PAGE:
set delta-horizontal-surface  ( 2 * (box-edge - 1) + 1) - (abs (piston-position - box-edge))
set delta-vertical-surface  ( 2 * (box-edge - 1) + 1)
make-box
draw-piston
make-particles maxparticles
set pressure-history [0 0 0]  ;; plotted pressure will be averaged over the past 3 entries
set volume (delta-horizontal-surface * delta-vertical-surface * 1)  ;;depth of 1
set total-particle-number (count particles)
setup-plot
do-plotting
set collisions? true
ifelse labels?
[turn-labels-on]
[ask turtles [ set label ""]]

create-volume-target 1 [set color white ht]  ;; cursor for targeting new location for volume using MOVE WALL
end

to go
set total-particle-number (count particles)
if not run-go? [stop]

if collisions? [
[ check-for-collision ]

[ check-for-collision ]
]

calculate-instant-pressure

if floor ticks > floor (ticks - tick-delta)
[ ifelse any? particles
[ set wall-hits-per-particle mean [wall-hits] of particles ]
[ set wall-hits-per-particle 0 ]
[ set wall-hits 0 ]
calculate-pressure
do-plotting ]
calculate-tick-delta

ask flashes with [ticks - birthday > 0.4]
[set pcolor wall-color]
[set pcolor piston-color]
die
]
ifelse labels?
[ask particles [ set label who set label-color orange + 3 ]]
[ask particles [ set label ""]]
;; now recolor, since color is based on quantities that may have changed
display
end

to calculate-tick-delta
ifelse any? particles with [speed > 0]
[ set tick-delta 1 / (ceiling max [speed] of particles) ]
[ set tick-delta 1 ]
end

;;; Pressure is defined as the force per unit area.  In this context,
;;; that means the total momentum per unit time transferred to the walls
;;; by particle hits, divided by the surface area of the walls.  (Here
;;; we're in a two dimensional world, so the "surface area" of the walls
;;; is just their delta.)  Each wall contributes a different amount
;;; to the total pressure in the box, based on the number of collisions, the
;;; direction of each collision, and the delta of the wall.  Conservation of momentum
;;; in hits ensures that the difference in momentum for the particles is equal to and
;;; opposite to that for the wall.  The force on each wall is the rate of change in
;;; momentum imparted to the wall, or the sum of change in momentum for each particle:
;;; F = SUM  [d(mv)/dt] = SUM [m(dv/dt)] = SUM [ ma ], in a direction perpendicular to
;;; the wall surface.  The pressure (P) on a given wall is the force (F) applied to that
;;; wall over its surface area.  The total pressure in the box is sum of each wall's
;;; pressure contribution.

to calculate-instant-pressure
;; by summing the momentum change for each particle,
;; the wall's total momentum change is calculated
set instant-pressure 30 * 15 * sum [momentum-instant] of particles
output-print precision instant-pressure 1
[ set momentum-instant 0 ]  ;; once the contribution to momentum has been calculated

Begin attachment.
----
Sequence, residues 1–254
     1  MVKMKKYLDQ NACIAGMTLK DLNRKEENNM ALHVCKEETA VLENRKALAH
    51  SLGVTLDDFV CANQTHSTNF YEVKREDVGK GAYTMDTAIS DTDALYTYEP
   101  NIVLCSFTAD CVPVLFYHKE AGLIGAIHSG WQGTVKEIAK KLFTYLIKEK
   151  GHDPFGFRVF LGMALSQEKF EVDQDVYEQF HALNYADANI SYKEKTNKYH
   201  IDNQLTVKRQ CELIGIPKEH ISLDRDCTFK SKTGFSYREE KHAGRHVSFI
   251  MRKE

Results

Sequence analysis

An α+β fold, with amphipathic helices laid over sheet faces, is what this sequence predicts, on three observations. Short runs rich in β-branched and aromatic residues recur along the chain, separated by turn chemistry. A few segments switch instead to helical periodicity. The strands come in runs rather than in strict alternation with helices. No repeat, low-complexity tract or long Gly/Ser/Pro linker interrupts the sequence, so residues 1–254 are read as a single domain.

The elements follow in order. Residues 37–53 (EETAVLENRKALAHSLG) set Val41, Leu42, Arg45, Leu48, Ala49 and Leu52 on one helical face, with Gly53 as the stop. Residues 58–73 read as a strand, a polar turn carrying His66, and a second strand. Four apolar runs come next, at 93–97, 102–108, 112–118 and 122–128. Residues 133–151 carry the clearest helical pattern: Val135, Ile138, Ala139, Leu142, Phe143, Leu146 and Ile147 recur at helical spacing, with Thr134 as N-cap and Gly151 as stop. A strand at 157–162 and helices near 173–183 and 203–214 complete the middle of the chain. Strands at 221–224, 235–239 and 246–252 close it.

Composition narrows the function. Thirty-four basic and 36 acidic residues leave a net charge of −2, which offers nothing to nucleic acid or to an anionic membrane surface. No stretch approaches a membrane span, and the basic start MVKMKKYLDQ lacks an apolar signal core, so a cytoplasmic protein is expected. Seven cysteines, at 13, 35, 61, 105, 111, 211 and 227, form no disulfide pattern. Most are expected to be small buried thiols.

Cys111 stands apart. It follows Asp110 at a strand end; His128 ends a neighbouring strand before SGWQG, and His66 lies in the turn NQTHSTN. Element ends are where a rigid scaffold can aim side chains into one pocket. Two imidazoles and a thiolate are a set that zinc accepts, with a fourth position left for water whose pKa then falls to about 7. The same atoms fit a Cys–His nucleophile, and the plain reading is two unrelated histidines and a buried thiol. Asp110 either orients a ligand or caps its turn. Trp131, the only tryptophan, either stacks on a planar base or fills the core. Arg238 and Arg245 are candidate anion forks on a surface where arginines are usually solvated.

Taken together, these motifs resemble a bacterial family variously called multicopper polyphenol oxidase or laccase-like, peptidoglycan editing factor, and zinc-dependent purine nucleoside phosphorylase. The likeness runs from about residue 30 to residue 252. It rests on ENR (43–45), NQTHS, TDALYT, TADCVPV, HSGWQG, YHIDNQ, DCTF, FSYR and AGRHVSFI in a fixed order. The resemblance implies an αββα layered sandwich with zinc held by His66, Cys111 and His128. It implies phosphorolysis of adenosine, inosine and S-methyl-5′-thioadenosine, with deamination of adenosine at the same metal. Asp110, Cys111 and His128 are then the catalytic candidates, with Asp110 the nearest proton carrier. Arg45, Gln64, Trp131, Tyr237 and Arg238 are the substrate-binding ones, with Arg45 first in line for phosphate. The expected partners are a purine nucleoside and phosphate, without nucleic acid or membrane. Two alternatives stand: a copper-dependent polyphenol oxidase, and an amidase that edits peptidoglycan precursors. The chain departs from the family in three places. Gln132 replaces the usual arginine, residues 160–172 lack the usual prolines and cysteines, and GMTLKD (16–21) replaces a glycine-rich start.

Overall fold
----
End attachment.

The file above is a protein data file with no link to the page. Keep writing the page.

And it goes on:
;; this value is reset to zero till the next wall hit
end

to calculate-pressure
;; by summing the momentum change for each particle,
;; the wall's total momentum change is calculated
set pressure 15 * sum [momentum-difference] of particles
set pressure-history lput pressure but-first pressure-history
[ set momentum-difference 0 ]  ;; once the contribution to momentum has been calculated
;; this value is reset to zero till the next wall hit
end

to bounce  ;; particle procedure
let new-px 0
let new-py 0

;; if we're not about to hit a wall (yellow patch), or if we're already on a
;; wall, we don't need to do any further checks
if (shade-of? wall-color pcolor or not shade-of? wall-color [pcolor] of patch-at dx dy)
and (shade-of? piston-color pcolor or not shade-of? piston-color [pcolor] of patch-at dx dy)
[stop]
;; get the coordinates of the patch we'll be on if we go forward 1
set new-px round (xcor + dx)
set new-py round (ycor + dy)
;; if hitting left wall or piston (on right), reflect heading around x axis
if ((abs new-px = box-edge or new-px = piston-position))
[
set wall-hits wall-hits + 1
;;  if the particle is hitting a vertical wall, only the horizontal component of the speed
;;  vector can change.  The change in velocity for this component is 2 * the speed of the particle,
;; due to the reversing of direction of travel from the collision with the wall
set momentum-instant  (abs (dx * 2 * mass * speed) / delta-vertical-surface)
set momentum-difference momentum-difference + momentum-instant
]
;; if hitting top or bottom wall, reflect heading around y axis
if (abs new-py = box-edge)
set wall-hits wall-hits + 1
;;  if the particle is hitting a horizontal wall, only the vertical component of the speed
;;  vector can change.  The change in velocity for this component is 2 * the speed of the particle,
;; due to the reversing of direction of travel from the collision with the wall
set momentum-instant  (abs (dy * 2 * mass * speed) / delta-horizontal-surface)
set momentum-difference momentum-difference + momentum-instant
]

if ( breed = particles) [
[ sprout 1 [ ht
set breed flashes
set birthday ticks
ifelse shade-of? ([pcolor] of patch-here) piston-color
[set pcolor piston-color - 3]
[set pcolor wall-color - 3] ]
]
]
end

to move  ;; particle procedure
if patch-ahead (speed * tick-delta) != patch-here
[ set last-collision nobody ]
jump (speed * tick-delta)
end

to check-for-collision  ;; particle procedure
;; Here we impose a rule that collisions only take place when there
;; are exactly two particles per patch.  We do this because when the